While it is against the law for businesses to require a vaccine passport in Florida, for example, New York has developed the Excelsior Pass with IBM. Built using blockchain technology for privacy, the smartphone app is required to enter certain large-scale public events. Bars and restaurants in the state could, theoretically, also turn to this or other means of proof for guests wishing to dine at their establishments.

Once again, Jacobs adopts a “just-because-they-can-doesn’t-mean-they-should” stance to this scenario because of the risk of discrimination lawsuits.

If a customer is unable to show proof of vaccination to a restaurant host, and that staff member refuses them entry without asking whether they are exempt because of disability or religious beliefs, the customer could have grounds to sue.

This is not a situation most bars and restaurants want to find themselves in — especially after the events of the last year — Jacobs says, adding, “We may be doing everything correct but [most hospitality businesses] can’t afford the battle.”

On a grander scale, Jacobs questions whether vaccine requirements for guests go against the very nature of hospitality. Some in the industry think that it does.

“As far as vaccine passports go, I really don’t think that’s completely ethical,” says Ivy Mix, co-owner of Brooklyn’s  Leyenda bar. “Whereas, yes, I’d like to know if people are vaccinated or if they have a recent negative test, access for people to get said tests and vaccines is not equal. Discriminating is not conducive to good hospitality.”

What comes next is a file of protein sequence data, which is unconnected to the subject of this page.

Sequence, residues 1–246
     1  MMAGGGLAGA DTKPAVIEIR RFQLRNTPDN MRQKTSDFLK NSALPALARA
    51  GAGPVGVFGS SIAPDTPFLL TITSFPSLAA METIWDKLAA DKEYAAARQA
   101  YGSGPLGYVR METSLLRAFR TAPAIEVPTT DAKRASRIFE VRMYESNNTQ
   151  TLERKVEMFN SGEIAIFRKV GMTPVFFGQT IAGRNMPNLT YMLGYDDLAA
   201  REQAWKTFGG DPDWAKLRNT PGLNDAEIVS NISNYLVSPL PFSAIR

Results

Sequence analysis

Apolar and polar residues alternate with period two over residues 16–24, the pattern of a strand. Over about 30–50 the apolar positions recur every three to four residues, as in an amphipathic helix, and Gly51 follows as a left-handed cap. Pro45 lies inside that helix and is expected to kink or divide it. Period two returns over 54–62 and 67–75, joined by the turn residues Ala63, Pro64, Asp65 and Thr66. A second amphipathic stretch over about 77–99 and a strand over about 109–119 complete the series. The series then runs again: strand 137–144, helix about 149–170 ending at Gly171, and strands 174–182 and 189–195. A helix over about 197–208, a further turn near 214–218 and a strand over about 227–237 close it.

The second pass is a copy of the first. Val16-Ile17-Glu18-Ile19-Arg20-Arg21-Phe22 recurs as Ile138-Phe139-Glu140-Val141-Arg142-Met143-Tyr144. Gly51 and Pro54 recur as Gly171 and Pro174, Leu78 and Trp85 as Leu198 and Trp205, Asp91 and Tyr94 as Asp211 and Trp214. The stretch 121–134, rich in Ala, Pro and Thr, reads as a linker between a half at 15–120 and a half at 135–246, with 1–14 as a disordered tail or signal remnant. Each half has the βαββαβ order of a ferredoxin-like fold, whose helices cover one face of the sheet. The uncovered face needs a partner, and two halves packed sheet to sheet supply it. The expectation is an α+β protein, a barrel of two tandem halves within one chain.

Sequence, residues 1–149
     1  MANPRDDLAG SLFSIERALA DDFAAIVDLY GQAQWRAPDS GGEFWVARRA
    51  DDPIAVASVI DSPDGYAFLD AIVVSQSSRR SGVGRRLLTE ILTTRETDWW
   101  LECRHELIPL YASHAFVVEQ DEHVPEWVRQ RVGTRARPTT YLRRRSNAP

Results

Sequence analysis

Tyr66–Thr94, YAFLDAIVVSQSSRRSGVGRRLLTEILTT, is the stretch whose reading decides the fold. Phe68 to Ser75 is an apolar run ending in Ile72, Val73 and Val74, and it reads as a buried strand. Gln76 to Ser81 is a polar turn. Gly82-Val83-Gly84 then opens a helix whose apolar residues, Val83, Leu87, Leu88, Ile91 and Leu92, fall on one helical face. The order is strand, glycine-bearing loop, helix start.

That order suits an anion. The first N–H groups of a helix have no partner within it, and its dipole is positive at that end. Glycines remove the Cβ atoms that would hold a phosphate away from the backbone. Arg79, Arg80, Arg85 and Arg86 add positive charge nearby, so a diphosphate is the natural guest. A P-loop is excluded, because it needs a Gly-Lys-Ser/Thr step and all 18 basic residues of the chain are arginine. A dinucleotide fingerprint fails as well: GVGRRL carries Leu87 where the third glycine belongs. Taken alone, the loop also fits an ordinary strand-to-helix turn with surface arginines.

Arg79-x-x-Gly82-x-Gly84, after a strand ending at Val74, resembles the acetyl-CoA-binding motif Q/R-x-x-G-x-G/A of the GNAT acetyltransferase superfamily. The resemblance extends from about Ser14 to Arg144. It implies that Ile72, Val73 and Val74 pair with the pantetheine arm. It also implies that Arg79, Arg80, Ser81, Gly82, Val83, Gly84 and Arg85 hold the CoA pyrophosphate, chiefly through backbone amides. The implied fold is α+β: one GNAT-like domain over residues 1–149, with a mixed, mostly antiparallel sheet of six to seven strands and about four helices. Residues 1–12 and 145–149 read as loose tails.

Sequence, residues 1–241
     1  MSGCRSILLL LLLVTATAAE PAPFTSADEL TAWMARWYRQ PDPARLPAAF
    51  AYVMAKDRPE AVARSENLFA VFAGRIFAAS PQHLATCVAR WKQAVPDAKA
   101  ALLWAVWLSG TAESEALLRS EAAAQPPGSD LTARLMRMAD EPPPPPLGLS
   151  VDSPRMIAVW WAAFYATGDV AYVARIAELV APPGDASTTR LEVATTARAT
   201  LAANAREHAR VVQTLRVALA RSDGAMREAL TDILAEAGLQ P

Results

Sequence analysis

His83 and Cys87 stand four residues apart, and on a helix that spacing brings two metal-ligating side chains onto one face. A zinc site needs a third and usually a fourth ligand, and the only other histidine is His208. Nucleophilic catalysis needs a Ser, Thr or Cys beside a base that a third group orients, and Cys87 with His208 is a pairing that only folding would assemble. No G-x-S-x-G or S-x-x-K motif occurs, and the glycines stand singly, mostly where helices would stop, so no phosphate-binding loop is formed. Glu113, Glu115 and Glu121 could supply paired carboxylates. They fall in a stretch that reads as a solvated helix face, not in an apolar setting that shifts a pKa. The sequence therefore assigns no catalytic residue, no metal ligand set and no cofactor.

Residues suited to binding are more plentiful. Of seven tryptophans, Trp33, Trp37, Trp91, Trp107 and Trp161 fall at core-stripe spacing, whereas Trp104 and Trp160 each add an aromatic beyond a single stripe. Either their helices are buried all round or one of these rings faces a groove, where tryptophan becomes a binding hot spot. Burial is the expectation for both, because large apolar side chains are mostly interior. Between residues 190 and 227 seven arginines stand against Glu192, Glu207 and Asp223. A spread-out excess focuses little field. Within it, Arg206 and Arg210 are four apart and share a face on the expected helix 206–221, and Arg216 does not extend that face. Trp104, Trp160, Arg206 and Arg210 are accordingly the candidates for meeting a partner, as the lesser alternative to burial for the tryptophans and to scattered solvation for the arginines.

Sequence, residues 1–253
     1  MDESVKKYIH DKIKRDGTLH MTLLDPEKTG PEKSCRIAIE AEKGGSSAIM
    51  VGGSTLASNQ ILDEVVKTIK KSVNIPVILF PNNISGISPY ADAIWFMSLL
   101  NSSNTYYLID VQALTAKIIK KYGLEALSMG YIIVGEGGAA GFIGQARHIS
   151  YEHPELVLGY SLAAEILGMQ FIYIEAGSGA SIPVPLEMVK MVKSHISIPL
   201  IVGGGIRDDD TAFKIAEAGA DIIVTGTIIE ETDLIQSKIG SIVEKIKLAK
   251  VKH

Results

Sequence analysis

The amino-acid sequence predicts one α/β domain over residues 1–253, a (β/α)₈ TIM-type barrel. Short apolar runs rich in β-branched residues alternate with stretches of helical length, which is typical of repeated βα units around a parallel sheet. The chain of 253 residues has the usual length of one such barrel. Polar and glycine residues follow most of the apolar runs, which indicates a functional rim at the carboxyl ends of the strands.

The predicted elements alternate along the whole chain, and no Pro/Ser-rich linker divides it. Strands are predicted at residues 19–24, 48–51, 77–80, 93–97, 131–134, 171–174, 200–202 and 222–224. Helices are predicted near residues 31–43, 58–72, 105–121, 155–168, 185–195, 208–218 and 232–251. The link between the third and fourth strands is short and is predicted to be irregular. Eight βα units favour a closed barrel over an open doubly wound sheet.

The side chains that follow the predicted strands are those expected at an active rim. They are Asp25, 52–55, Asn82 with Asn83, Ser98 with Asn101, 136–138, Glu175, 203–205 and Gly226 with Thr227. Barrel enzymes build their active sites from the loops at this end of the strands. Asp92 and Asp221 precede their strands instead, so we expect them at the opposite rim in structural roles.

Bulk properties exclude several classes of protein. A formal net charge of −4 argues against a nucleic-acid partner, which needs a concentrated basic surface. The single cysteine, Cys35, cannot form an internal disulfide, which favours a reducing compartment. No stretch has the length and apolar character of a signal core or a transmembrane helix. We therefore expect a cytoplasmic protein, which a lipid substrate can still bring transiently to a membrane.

Ruffian’s Schulman agrees that asking guests to show a vaccination card feels elitist, especially at this relatively early stage of vaccine rollouts. As for the future, he says, “We’re leaving all options on the table.”

But Schulman and Mix are based in a city where, for the most part, residents have obliged with health and safety restrictions, and policies like face masks have generally not become politicized. This is not true for other parts of the country, and this is where the vaccine passport conversation becomes even more complex.

CureCo.’s Bodenheimer indicates he would be a proponent of vaccine passports, but says this is “100 percent” a question of location. “New Orleans is a blue city surrounded by a sea of red,” he says.

What he’d ultimately prefer are national guidelines and consistent policy on safety standards across counties and states. That way, he and his team could spend less time acting as enforcers, and pour more energy into the true nature of their work. “It would be nice to just focus on hospitality within our walls,” he says.

On so many occasions over the last year, every solution and lifeline seems to have brought with it a new unexpected complication for hospitality businesses. The vaccine and debate over vaccination mandates appear to be the next chapter in that tale — one we can all unite in hoping will end as soon as possible.